Orthopedic surgeon discusses the state-of-the-art technology available at the new Orthopedic Care at Oswego Health in Fulton. He also talks about plans to set up a same-day surgery center in Fulton
By Chris Motola
Q: How did you come to be at Oswego Health and its new Center for Orthopedic Care in Fulton?
A: I had been working at Bassett Healthcare [in Mohawk Valley] for the last 20 years and was pioneering a lot of new technology there, including the NAVIO robotically assisted partial and total knee program, which I first started at A.O. Fox Hospital in Oneonta. My kids are now all graduating, so we wanted something new and different. My wife got tired of living in Oneonta, which is a little bit secluded, so we thought about moving down south, but one of my other colleagues who had worked at Bassett was here in Oswego, so I figured we should check it out. The administration seemed very productive and excited about building a top-notch orthopedic program. So, with my experience, I thought I could help them build something and do something different and novel for the community. I’ve been here since Dec. 10, 2018. We built the Center for Orthopedic Care, upgraded all of our instruments, including the NAVIO robot. So that’s what brought me here. I’ve been here for about a year now.
Q: What do you think the sweet spot is for specialist programs like this in rural communities that are close, but not too close, to bigger urban areas?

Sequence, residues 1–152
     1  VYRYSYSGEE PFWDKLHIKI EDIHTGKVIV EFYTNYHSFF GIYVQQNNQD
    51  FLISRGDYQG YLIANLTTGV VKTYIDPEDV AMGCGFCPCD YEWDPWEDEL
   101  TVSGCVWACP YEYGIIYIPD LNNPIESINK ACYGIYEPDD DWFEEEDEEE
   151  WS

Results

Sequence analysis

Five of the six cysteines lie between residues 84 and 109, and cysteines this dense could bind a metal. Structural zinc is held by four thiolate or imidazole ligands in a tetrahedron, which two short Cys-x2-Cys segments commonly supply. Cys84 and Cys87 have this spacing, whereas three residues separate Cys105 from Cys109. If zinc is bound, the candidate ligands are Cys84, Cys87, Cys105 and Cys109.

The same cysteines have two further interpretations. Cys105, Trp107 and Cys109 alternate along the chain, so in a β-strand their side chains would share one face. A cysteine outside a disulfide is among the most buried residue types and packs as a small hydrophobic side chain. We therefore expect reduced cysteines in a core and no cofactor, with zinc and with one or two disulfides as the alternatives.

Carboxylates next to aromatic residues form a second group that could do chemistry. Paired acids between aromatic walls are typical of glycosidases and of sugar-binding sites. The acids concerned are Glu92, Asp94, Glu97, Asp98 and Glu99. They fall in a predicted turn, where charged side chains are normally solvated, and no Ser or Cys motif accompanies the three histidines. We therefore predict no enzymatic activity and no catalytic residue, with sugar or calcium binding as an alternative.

A: A large segment of the population is increasing in age. What I hear isn’t that the quality of care in Syracuse isn’t great, but that the drive is too much. It’s a 30- to 45-minute drive, and at the age of 85, that’s a lot. Their daughter has to take off from work, they have to find parking, they have to wait. You’re looking at a time investment of five or six hours. The population is so busy now, many can’t afford all of those days of multiple family members taking off to transport them. If you can receive quality care closer to home, it’s more convenient for everyone. Patients also just feel so much more comfortable staying in the community. People feel more comfortable staying closer to home; it’s easier for their families to visit and support them, the continuity of care is easier to manage.
Q: Is the Fulton program also covering Oswego, or does Oswego have its own?
A: No, no. The clinic was placed here because it’s more centrally located. We’re drawing from communities 30 minutes away, even ones to the south like Liverpool and Baldwinsville. The surgeries do happen in Oswego, but the clinic is in Fulton because it’s more centrally located.
Q: Do you see this as part of a move to reinvigorate the former A.L. Lee campus’s role as a medical destination?
A: I’ve been privy to some of the plans, and it looks like there’s a several million-dollar investment being made in the site. I think the plan is to eventually build a same-day surgery center here, which would provide more jobs in the local environment. So I think it’s helping the community, as well as providing convenience for the local community.
Q: Is your role purely clinical now that it’s set up?
A: I’m purely clinical at this point both in Fulton and Oswego. I don’t serve any administrative roles.